7 Key Insights You Can Get From Analyzing Your Financial Statements

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financial statements review

According to a study recently published by the consulting firm Bain & Company, only about 10 percent of all businesses are capable of achieving sustained, profitable, and continuous growth. To ensure that your business is capable of pushing itself into this talented group, you will need to pay careful attention to your financial statements and make a few adjustments. 

Start by doing monthly financial statement analysis on your cash flow statement, income statement, and balance sheet. If you’re not sure where to start or what you’re looking for when you do this type of review, check out this guide 

While going through your financial statements each month may seem to be a bit of a formality, these statements can help you get a much better understanding of where your business stands, and the types of changes you will need to make to meet your goals. 

Even if you have a financial advisor by your side, it will still be beneficial to take a close look of your own, especially if you’re looking at ways to grow your business, or you’re facing a big spending decision. 

In this article, we will discuss seven of the things you should be actively looking for. Making just one small change in your course of doing business can have countless positive effects, rippling forward over time. After reading these 7 key insights you can get from your financial statements, you will be mad at yourself that you weren’t doing it before!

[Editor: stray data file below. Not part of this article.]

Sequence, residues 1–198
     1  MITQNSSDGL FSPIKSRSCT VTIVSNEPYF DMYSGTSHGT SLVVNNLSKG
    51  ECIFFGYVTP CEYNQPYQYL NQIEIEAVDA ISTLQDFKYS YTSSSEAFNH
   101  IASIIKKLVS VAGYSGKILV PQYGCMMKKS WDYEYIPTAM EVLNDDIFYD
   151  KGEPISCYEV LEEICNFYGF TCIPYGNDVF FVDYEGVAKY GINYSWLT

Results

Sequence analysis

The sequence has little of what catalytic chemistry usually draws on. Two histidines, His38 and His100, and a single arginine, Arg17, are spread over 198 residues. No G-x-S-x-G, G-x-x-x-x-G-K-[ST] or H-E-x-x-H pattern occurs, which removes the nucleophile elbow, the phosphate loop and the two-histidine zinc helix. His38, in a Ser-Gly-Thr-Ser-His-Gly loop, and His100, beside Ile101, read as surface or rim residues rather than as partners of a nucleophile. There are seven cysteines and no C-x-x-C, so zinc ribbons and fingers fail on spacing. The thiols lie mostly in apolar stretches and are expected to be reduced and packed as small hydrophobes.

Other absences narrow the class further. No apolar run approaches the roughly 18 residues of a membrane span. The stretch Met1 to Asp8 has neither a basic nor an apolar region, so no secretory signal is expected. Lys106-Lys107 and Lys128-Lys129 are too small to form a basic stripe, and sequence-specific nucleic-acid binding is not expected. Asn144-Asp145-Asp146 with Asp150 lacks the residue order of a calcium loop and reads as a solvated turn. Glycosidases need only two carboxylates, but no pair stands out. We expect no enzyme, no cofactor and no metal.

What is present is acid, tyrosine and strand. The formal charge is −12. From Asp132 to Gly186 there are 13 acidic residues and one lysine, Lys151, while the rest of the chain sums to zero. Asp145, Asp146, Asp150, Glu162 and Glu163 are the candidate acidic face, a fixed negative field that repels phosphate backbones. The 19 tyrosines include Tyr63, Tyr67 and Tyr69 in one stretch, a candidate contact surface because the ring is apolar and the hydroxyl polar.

1. Opportunities for outsourcing

For your business to live up to its full economic potential, you will need to cut costs in every way that you conceivably can. Outsourcing finance and accounting tasks to qualified experts will often decrease your overall costs and increase overall quality—and you might find that there are other repetitive tasks that you might be able to outsource to save you time and money.

Tasks such as accounting, systems management, and financial reporting are among the most frequently outsourced tasks. In fact, in the Bain study, of the 10 percent of companies that were considered to be financially viable, 85 percent utilized “capability sourcing” or other strategic methods of outsourcing. 

As you can review your financial statements, keep an eye out for tasks that could potentially be handled by someone outside of your company. Outsourced firms will do the work that you are incapable or too busy to do, and outsourcing your work will give you the time and energy to focus on other parts of your business.

2. Possible tax deductions

There are hundreds of unique tax deductions available for businesses and these tax deductions can have a considerable impact on your bottom line. By making an effort to be “tax conscious,” you can improve your profit margins without needing to make any structural changes. It is also important to always be aware of the tax law changes because they can affect your business differently every year.

Reviewing an expense report can help you find key items to be deducted from your business’ reported income. These items can include anything ranging from transportation expenses to marketing costs, and up to 50 percent on professional lunches. Saving your receipts throughout the year will also make the deduction process much easier.
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3. Signs of fraud

Even if your business is rather small, there will always be at least some risk of fraud.

To minimize the likelihood of financial information being compromised, consider the following actions:

  • Make sure that all confidential information is reviewed and opened directly by you
  • Separate essential financial tasks (billing, deposits, accounting, etc.)
  • Set up automatic bill payments, when possible
  • Establish a clear set of standardized accounting practices
  • Review your financial statements often